- Additionally, because sertraline is a SSRI, it can exacerbate or initiate sleep bruxism; (4) splint for use during sleep because of sleep bruxism; (5) application of transcutaneous electrical nerve stimulation aiming to control the pain.
- The patient recently started treatment with a psychiatrist and a psychologist (psychotherapy) because of the depression and anxiety.
- Based on the history and clinical examination, this patient presents a complex case of chronic pain, suggesting an uncertain prognosis. The evidence-based factors indicating a poor prognosis and chronicity include increased mood disorders and somatization, fatigue and sleep disturbances, high pain intensity, generalized pain or other pain conditions, and decreased function of the pain inhibitory system, among others. The patient presented some of the cited factors, such as the long-lasting pain condition, mood disorders (depression and anxiety), complaint of sleep disturbances, high pain intensity, and the presence of painful (widespread body pain, cervicalgia, persistent abdominal pain, urinary tract infection) and nonpainful comorbidities (hypertension).
- The patient reports that she started different treatments but did not follow as recommended by the health-care providers, pointing to a possible limited compliance with previous interventions. This suggests that she needs frequent contact with the professionals and intense motivation approach.
- Headaches can be a symptom of a wide variety of diseases (secondary headache), or they can be the disease itself (primary headache) (Headache Classification Committee of the International Headache Society (IHS), 2013).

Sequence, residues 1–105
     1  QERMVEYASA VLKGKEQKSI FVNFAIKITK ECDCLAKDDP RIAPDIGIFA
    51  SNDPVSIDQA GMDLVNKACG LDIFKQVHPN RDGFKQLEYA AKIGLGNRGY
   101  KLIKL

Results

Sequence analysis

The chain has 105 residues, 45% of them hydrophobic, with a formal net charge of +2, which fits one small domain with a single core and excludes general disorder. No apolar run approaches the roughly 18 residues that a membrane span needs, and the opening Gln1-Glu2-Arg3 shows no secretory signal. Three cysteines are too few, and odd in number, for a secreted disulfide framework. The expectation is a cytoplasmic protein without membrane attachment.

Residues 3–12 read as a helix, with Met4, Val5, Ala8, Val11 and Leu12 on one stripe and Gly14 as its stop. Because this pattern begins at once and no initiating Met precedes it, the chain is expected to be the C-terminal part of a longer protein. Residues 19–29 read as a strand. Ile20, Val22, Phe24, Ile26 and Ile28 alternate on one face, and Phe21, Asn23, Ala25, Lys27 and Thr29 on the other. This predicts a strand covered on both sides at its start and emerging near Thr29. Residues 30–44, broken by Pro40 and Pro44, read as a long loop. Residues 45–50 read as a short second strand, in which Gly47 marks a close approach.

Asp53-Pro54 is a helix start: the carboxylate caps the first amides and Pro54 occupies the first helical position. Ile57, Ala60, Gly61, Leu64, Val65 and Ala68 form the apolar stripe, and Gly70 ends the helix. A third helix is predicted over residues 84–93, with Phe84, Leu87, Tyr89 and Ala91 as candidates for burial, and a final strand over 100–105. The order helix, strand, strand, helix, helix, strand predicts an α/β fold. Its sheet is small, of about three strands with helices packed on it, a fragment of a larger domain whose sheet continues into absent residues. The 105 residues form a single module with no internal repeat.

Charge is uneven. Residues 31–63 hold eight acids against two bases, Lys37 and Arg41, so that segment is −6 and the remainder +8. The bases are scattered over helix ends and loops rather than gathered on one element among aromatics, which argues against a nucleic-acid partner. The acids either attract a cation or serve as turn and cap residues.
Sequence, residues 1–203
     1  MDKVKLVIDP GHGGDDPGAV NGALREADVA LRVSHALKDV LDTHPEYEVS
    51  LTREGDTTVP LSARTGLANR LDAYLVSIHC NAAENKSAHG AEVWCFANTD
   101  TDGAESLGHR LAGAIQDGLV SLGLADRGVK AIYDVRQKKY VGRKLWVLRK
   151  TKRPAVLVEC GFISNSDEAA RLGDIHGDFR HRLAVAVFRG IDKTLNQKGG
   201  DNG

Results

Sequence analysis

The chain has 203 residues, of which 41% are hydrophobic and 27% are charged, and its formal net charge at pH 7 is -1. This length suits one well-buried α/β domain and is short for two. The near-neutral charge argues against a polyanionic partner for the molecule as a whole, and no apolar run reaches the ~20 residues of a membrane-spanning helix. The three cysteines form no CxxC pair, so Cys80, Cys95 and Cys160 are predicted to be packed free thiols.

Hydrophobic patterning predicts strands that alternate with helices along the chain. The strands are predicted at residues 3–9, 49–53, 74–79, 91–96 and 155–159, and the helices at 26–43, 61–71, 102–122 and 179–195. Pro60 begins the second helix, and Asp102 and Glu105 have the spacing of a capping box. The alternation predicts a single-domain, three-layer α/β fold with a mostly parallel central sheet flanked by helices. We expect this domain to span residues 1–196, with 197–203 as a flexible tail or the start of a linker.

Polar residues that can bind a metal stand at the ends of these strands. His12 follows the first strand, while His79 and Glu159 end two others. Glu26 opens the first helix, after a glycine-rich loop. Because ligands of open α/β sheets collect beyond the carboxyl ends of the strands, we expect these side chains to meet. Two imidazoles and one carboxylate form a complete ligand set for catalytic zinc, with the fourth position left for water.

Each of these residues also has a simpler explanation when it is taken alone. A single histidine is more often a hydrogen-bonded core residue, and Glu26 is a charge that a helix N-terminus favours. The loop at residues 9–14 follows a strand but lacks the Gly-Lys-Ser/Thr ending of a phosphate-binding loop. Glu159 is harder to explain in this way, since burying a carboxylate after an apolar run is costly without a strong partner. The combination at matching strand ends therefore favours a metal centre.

- TMD and headaches are painful conditions involving the trigeminal system. Both of them are highly prevalent worldwide, and frequently occur in the same individuals simultaneously (Sessle, 2005; Jensen and Stovner, 2008; de Leeuw and Klasser, 2013; Headache Classification Committee of the International Headache Society (IHS), 2013).
- TMD and headache can interact in different ways: (a) painful TMD is comorbid with some types of primary headaches, such as migraine; (b) the pain associated with TMD can be a risk factor for primary headaches chronification; (c) TMD (myalgia) can cause headaches. According to the DC/TMD criteria, the diagnostic of the “Headache attributed to TMD” depends on the presence of the myalgia (Cady, 2007; Gonçalves et al., 2011; Schiffman et al., 2014).
- The treatment options recommended by the AAOP include patient education and self-management, biobehavioral therapy, pharmacologic management, physical therapy, orthopedic appliance, occlusal therapy, and surgery. Considering the increasing evidence and the AAOP recommendation, TMDs are best managed with conservative, reversible treatment (de Leeuw and Klasser, 2013).